It is time for a conversation to replace the MSF seating.
In its online promotional materials, the company that installed the 2005 seating at MSF stated that Georgetown : "initially thought that their need would be for a two season rental of our [seating]." Well, two years is now seven, going on eight.
The materials are worn, the plastic seats are showing the effects of age and weather, and the odd configuration of seating when the MSF was constructed (seats were only installed from the 10 yard line to the opposite 40) wastes a lot of space and does not serve the long term interests of a fan-friendly and accommodating seating area.
Reluctantly, it is unlikely that Georgetown is ready for the physical commitment to install permanent seating. However, that does not preclude the need for a second round of seating. This past spring, a private gift funded a renovation of North Kehoe Field that installed modern, through temporary, seating across the field of play, not across half of it:
If North Kehoe is an example, this is what is needed on, at the least, the west side of the MSF--80 yards of seating from the 10 to the 10, which can safely and comfortably accommodate students, parents, visitors and fans without them crawling over each other as is often the case in the current configuration. This would also increase seating from roughly 1,600 on the current west side to as many as 2,500.
Ideally, a similar effort would be undertaken to provide seating on the east side for visitors--a 5,000 seat stadium capable of welcoming Ivy and PL schools who do not feel like they are seating on wooden timbers to watch a game. Realistically, the funds may not be there for both sides, which suggests that the existing west side could be repurposed to the east side, with some of the wooden seats moved to the undeveloped area in the north end zone where students could walk down from the Hariri and Regents buildings to watch activities on the field without formal admission.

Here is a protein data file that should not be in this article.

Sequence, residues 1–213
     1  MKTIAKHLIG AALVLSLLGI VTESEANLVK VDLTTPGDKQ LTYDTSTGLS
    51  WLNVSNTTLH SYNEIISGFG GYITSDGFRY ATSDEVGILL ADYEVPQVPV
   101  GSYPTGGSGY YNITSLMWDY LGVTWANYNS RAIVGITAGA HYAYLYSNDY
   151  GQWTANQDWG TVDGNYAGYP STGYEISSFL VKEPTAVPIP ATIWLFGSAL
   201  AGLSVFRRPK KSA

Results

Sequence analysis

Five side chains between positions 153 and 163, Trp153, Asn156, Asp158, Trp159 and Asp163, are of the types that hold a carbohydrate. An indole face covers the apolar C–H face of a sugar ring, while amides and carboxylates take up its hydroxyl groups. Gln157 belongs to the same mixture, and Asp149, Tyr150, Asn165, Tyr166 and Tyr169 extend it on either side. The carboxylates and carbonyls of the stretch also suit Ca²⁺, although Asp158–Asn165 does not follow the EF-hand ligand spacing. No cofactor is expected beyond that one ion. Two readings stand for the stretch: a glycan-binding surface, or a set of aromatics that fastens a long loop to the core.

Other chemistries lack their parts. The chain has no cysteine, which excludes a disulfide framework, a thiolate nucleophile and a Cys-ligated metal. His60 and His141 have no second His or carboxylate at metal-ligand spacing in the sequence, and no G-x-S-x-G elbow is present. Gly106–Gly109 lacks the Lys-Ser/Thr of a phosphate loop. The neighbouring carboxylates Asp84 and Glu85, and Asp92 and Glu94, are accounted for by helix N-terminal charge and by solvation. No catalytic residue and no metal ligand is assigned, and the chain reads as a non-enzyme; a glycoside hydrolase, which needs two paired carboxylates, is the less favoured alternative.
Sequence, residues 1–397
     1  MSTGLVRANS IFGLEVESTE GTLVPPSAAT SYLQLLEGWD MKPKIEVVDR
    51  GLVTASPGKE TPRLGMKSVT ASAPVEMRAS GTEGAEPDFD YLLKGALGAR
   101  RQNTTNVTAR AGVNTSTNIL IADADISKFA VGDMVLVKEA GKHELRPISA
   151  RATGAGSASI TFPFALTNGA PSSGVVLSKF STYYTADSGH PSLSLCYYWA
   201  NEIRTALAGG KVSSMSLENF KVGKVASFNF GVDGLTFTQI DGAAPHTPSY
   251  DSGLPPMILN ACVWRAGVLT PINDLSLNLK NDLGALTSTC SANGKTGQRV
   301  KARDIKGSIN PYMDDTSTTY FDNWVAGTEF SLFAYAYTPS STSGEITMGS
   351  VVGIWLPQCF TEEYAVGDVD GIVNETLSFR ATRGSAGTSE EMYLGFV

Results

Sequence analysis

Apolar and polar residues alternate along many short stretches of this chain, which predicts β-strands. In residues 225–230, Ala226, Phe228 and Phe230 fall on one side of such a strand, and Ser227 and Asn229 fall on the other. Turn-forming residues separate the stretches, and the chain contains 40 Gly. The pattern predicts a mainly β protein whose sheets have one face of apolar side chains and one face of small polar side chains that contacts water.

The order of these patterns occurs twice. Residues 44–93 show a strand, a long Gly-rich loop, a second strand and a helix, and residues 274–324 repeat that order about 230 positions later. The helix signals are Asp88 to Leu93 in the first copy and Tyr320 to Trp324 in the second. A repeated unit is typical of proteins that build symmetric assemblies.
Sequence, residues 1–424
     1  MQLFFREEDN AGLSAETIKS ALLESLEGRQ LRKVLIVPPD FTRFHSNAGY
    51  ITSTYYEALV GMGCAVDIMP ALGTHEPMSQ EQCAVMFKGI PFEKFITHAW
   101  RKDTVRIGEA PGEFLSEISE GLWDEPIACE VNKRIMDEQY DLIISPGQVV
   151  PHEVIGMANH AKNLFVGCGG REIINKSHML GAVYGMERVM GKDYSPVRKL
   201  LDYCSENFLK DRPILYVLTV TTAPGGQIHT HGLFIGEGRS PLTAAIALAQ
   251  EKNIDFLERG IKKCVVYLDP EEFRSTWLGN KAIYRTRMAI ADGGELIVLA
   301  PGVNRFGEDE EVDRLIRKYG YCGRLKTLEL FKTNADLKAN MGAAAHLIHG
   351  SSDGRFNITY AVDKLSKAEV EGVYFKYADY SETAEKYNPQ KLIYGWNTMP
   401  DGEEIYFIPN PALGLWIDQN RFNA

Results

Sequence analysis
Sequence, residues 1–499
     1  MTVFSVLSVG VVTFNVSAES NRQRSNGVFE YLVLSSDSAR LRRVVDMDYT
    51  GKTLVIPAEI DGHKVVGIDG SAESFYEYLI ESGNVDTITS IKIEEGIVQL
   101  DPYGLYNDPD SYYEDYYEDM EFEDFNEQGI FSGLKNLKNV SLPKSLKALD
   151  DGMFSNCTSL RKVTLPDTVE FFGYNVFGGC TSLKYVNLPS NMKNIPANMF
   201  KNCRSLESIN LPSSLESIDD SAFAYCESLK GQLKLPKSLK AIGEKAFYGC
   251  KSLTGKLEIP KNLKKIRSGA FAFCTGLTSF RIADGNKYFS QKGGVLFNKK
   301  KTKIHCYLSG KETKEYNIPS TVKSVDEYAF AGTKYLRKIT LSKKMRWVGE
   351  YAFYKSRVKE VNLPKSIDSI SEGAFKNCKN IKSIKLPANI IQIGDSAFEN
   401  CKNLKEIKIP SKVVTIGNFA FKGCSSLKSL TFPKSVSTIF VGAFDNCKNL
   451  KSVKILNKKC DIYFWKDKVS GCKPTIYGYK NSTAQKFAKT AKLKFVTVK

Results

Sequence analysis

Yes, this takes money, and the results are at best temporary. The North Kehoe expansion cost $750,000, according to GUHoyas.com. But with a two year seating solution at MSF now entering its eighth year of service, it’s time to recognize that it’s at the end of the life cycle as well, and a new round of seating to accommodate the growing population of fans in the MSF’s primary activities of football and lacrosse is in order, if only to extend the current lifespan of the place for another 5-7 years.
It is time to discuss a name for the facility.
The name "Multi Sport Facility" (and its progeny, Multi-Sport Field) are redolent of an earlier era in Georgetown athletics where this would be the centerpiece of the athletic community at Georgetown; it was even hailed in print as the most important project in the history of Georgetown Athletics.
It isn’t anymore.
For whatever reason you choose (and there are many), the MSF was left by the wayside as other projects took precedent. Now, with the as-yet unnamed Intercollegiate Athletics Center (or as I would call it, with a few million dollars, the "John R. Thompson, Jr. Center for Intercollegiate Excellence") being the stated priority for Athletics, the need for the MSF to be the flagship facility is no longer applicable.
Nor is its name--the field only serves football and lacrosse. "Multi-Sport"? Yes, in a technical sense, but it is no longer being constructed for the wide range of activities planned for with the IAC.
Georgetown University has a poor track record when it comes to naming buildings with any shred of creativity. For the first 100 years of its existence, its major buildings were merely named "North" and "South". Its striking landmark, the Healy Building, was originally named the "New Building" for its first 10 years, then called the "Century Building" when someone realized it wasn’t very new anymore. Sometime after 1912, someone thought to name it after a former college president who labored to find donors willing to finish the project.